Officer has no memory of 'show your gooch' search on teen
A police officer involved in searching a boy at an underage music festival in Sydney says he has "no memory" of the teenager being asked to "show your gooch".
The 15-year-old claims he "froze" when he was asked to drop his pants during a strip-search at Sydney Olympic Park in February.
The teenager says an officer told him to "hold your dick and lift your balls up and show me your gooch".
But a senior constable named on an official form as one-of-two officers involved in the search can't remember performing any strip-searches at the Lost City festival.
He told a hearing of the Law Enforcement Conduct Commission on Wednesday that he'd recall if such language was used.
"I have no memory of that happening," the senior constable said.
The police officer of six years - who can't be named - said he was familiar with the term "gooch" and may have used it in his school days but would not have done so in his time with NSW Police.
Asked if having no memory of the event meant it didn't happen, or that it could've happened but he'd forgotten, he said: "I would say that it didn't happen."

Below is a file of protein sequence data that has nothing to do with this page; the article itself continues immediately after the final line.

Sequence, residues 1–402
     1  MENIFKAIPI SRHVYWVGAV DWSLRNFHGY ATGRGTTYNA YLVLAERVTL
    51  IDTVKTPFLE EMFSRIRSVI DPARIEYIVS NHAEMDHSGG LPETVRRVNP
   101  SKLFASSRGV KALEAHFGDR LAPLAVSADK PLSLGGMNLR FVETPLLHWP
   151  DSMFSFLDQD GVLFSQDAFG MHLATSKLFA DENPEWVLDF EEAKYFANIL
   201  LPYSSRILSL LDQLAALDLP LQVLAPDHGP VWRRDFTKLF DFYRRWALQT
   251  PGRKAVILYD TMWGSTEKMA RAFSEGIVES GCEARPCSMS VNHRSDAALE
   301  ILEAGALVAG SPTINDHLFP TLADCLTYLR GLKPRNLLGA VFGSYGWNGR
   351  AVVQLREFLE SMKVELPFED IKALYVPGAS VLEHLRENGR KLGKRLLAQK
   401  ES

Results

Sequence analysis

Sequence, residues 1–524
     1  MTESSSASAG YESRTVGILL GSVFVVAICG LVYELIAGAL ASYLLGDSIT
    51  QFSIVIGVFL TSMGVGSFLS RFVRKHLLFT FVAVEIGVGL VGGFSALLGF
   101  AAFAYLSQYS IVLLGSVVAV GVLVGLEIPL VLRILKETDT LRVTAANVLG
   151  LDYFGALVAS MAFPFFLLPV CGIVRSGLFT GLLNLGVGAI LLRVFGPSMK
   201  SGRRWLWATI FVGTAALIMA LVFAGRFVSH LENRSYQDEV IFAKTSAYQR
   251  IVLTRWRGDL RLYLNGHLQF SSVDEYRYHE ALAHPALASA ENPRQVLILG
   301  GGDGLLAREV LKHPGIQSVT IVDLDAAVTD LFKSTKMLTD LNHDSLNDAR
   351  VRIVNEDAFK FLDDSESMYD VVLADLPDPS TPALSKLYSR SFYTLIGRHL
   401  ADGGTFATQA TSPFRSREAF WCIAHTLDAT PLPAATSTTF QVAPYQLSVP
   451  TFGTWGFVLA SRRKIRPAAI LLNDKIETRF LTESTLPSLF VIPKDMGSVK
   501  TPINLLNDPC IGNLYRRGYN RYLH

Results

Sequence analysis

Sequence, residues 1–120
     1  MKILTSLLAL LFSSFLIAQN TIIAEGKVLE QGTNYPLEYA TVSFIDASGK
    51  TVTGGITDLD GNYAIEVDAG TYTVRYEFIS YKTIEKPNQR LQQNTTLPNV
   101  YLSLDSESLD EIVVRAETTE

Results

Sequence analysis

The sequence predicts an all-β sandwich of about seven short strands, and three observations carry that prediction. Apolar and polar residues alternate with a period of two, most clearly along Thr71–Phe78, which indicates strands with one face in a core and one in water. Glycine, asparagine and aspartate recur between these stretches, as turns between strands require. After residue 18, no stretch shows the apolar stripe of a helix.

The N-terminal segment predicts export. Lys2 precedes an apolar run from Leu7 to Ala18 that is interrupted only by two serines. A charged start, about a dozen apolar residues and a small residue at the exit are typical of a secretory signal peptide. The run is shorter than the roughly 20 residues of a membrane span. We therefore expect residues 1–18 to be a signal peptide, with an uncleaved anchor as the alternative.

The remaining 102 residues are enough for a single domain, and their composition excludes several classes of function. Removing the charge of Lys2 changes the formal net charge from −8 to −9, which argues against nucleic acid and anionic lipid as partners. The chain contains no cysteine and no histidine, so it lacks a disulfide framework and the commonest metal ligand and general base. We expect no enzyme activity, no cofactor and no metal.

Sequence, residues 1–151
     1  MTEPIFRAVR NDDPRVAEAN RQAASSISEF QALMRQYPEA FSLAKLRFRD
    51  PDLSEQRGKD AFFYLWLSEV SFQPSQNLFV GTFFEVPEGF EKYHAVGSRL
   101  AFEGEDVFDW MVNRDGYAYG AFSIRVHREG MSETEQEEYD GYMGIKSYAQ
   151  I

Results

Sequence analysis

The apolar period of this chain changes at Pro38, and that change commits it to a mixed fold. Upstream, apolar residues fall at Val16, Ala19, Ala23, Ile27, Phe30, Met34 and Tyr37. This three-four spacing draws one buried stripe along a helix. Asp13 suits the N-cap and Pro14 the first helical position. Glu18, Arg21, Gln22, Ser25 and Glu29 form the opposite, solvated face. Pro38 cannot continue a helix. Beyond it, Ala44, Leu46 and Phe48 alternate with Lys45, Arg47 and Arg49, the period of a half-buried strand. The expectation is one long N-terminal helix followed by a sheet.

The officer's handwriting appears on a form in relation to the teenager which notes that a general search was carried out.
He admitted it was an "error" to circle "no" for signs of intoxication despite noting on the paperwork that the teen had enlarged pupils and was shaking.
But he said he wouldn't have made those notes if they weren't true.
The teenager - on whom no drugs were found - has told the commission in a statement he was confused as to why he was stopped after a drug dog sniffed him but did not sit down - which he thought needed to happen to indicate a drug detection.
The boy said he was so nervous he was shaking.
The officer on Wednesday accepted the teen's pupils could have become larger when he moved from the bright light outside to the darkened search area.
LECC chief commissioner Michael Adams QC said it was "not rocket science" to suggest the shaking could have been due to nerves rather than drug-taking.
Mr Adams questioned why a teenage boy would be allowed to go back into a festival "awash with drugs" if police had recorded on a form that he appeared to be affected by drugs.
"What about your duty of care?" Mr Adams asked.
Questioned as to whether he thought that was a responsible thing to do, the officer replied: "That looks to be a mistake on my part."
He agreed when Mr Adams suggested further training for officers might be required on strip-searching young people and on detecting the signs for when a person might have taken MDMA.
The party drug was found in nine searches carried out at the festival which was attended by some 10,000 young people.
The hearing is considering the 15-year-old boy's case alongside two other teenagers, as well as the lawfulness and reasonableness of strip-search practices generally.